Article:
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Mark Curtis Mark Curtis | 13:53 UK time, Wednesday, 31 August 2011

As an art teacher, I love the opportunity given in this site to get students to consider how tradition and narrow preset views are constantly challenged in the arts - introducing the concept that punk rock wasn't the first time it happened.

A common complaint from my art students will be: 'Why do I need to look at all this old stuff?'. Most assessment criteria reflect the fact that understanding context is highly valued in arts practices. But establishing buy-in from students is essential.

I often start with a topic or theme that explores one of the big categories that I refer to as meta-narratives. 'Landscape' is an example of one of these narratives.

I start by asking students to look at definitions of 'Landscape'. Before doing so I give all students an A6 scrap of paper and give them a few seconds to draw a landscape. Most students have a paradigm of landscape, which is well set: orientated as a conventional landscape, normally natural, with a range of hills or mountains, a river or lake, and almost certainly a tree or two.


A drawing of a landscape.


It's at this point that I show them the work of the traditional landscape artists and show the connection with their paradigm. The learning for the students is that they are already conditioned.


This allows us to benchmark a current understanding and begin to explore the notion of 'Landscape' as a concept, asking questions like, 'Why did we arrive at similar outcomes?' and 'Does our preset or paradigm stem from our cultural or even geographic location'?

(Incidentally I live and work in Somerset. There are very few mountains here, yet very often mountains, or at least rolling hills, make an appearance. If given too much time, the creative students will already consider bucking the stereotype and produce cities and Manhattan-style skylines. There are not many tower blocks in Somerset either...)

There are other 'typical' landscapes it's worth looking at, at this point, that students may recognize from postcards or the occasional chocolate box. Paintings such as the Constable below, or the photographs of Ansel Adams, can lead to discussions about how the reference to the work of others is already informing their thinking. You can suggest that by consciously selecting the reference material, a student can take greater control of their outcomes.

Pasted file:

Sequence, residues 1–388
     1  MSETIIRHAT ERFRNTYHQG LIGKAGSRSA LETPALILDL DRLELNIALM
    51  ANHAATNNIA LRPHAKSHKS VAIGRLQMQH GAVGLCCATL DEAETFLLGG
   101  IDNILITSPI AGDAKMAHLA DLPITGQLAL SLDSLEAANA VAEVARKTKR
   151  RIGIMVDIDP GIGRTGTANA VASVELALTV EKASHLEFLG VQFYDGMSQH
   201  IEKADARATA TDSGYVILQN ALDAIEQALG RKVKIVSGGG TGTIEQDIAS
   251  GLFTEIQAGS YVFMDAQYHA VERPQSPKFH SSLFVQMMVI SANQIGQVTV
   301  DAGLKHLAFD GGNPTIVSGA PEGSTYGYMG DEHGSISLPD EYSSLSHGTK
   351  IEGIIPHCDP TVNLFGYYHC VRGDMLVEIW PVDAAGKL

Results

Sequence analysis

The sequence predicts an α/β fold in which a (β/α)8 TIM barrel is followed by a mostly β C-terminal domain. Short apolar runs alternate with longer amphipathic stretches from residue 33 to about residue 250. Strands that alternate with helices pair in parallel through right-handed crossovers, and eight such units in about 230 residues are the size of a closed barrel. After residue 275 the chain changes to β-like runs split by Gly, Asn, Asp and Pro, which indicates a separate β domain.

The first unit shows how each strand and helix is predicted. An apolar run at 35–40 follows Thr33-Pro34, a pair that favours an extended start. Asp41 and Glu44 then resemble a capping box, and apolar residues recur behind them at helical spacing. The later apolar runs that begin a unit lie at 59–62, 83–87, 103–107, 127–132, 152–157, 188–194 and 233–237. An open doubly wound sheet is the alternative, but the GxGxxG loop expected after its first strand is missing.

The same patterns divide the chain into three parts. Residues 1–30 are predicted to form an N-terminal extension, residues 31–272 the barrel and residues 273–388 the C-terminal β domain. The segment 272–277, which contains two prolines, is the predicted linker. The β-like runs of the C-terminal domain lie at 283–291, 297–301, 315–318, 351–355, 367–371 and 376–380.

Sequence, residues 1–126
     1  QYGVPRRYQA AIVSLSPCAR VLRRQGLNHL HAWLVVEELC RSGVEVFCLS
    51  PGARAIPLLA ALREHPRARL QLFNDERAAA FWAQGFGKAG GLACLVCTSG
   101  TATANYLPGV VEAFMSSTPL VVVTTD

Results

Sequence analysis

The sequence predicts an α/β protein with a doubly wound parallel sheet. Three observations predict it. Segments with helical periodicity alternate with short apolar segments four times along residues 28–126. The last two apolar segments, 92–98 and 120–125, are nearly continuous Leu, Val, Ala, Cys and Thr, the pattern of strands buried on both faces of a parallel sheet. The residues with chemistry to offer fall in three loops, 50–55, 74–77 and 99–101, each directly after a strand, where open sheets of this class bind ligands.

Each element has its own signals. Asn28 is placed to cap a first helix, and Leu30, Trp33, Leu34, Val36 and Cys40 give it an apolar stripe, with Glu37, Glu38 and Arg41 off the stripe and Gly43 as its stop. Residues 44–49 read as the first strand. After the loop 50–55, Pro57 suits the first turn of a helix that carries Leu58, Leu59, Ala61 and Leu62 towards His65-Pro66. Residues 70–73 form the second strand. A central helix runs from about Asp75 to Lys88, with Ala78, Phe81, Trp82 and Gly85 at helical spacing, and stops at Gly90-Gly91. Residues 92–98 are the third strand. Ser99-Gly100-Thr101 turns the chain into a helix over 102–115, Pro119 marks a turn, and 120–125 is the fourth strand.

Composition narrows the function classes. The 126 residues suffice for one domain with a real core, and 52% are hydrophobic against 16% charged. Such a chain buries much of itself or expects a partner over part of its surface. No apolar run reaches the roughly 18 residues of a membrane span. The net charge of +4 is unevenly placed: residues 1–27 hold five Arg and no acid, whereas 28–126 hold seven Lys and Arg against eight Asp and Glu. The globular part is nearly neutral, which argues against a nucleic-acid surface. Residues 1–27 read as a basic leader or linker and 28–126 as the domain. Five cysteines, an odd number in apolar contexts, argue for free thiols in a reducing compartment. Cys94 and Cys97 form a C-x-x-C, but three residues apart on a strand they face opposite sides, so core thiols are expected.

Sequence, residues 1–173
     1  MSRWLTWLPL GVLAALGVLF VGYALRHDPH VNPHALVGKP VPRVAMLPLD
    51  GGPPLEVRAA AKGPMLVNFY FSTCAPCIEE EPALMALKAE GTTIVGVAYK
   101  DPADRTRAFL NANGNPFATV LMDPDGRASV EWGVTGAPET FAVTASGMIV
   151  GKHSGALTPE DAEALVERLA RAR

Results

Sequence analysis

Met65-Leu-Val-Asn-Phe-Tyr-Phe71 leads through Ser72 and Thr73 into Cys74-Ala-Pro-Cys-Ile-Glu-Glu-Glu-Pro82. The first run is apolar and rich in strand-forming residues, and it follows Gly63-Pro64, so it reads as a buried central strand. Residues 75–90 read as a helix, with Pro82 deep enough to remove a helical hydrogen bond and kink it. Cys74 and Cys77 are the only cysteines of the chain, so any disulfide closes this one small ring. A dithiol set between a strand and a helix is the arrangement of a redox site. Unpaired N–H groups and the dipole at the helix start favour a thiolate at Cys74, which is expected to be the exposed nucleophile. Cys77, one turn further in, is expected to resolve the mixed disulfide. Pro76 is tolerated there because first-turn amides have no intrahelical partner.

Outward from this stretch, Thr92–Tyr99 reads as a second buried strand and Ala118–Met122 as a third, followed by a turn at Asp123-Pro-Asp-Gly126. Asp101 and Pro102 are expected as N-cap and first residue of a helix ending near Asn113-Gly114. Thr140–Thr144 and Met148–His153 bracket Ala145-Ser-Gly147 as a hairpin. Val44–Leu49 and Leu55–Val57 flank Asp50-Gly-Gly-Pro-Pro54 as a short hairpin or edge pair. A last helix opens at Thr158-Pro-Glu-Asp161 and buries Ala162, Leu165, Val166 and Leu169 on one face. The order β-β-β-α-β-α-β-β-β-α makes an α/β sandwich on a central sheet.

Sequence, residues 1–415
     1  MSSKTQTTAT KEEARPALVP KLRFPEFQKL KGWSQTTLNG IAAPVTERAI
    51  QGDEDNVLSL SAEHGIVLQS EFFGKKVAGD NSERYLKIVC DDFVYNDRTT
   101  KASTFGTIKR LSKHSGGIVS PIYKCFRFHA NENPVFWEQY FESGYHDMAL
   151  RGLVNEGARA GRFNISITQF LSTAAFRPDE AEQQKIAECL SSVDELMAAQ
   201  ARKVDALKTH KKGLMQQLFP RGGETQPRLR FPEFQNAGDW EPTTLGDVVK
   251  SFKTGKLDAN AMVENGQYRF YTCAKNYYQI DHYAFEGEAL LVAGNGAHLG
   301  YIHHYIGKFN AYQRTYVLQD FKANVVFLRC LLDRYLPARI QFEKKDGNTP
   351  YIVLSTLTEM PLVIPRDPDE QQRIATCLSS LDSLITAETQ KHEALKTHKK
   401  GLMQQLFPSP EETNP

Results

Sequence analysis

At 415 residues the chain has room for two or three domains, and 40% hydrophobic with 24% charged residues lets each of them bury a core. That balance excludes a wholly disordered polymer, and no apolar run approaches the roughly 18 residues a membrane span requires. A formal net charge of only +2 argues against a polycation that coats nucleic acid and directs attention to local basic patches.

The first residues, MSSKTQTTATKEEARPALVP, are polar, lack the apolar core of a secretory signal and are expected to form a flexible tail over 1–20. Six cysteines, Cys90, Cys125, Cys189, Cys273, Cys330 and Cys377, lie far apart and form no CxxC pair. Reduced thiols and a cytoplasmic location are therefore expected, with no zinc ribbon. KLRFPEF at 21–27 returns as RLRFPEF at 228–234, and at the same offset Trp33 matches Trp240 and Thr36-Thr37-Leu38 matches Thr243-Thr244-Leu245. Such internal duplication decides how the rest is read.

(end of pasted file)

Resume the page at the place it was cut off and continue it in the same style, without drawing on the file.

Challenge your students to use the Your Paintings collection to find examples of a landscape that does so much more than our often narrow preset views. They can explore the work, and consider what else was going on in the world at the time they were created. Some of the paintings tagged with landscapes are here, and I've picked out a few that challenge the common paradigm.




As well as examples of the paintings on this site, I also like to use Japanese woodcut landscape and photography from the new topologists such as Lewis Baltz or Robert Adams; explore cross over from landscape photography to paint and print through Ed Ruscha; and even jump back to the Russian revolution and look at Alexander Rodchenko and the rejection of tradition.

(Editor's note: Let us know if you come across any particularly interesting examples of 'Landscapes' in the Your Paintings collection, that could or have provoked debate in the classroom)


(Copyright information:
Landscape No.3 © the artist
The Outgoing Tide © the artist's estate
Red Landscape © estate of Graham Sutherland
Landscape with Birds © the estate of Patrick Caulfield/DACS 2005)


  • Comment number 1.

    A thought provoking article, thank you, even though I am not an art teacher, merely an artist living in Cyprus and about to embark on a project on the theme of the landscape here. It will be interesting to study some of the artists mentioned. I followed up on the Rodchenko link immediately and think that his point of view could also provoke a very interesting philosophical debate in the classroom.


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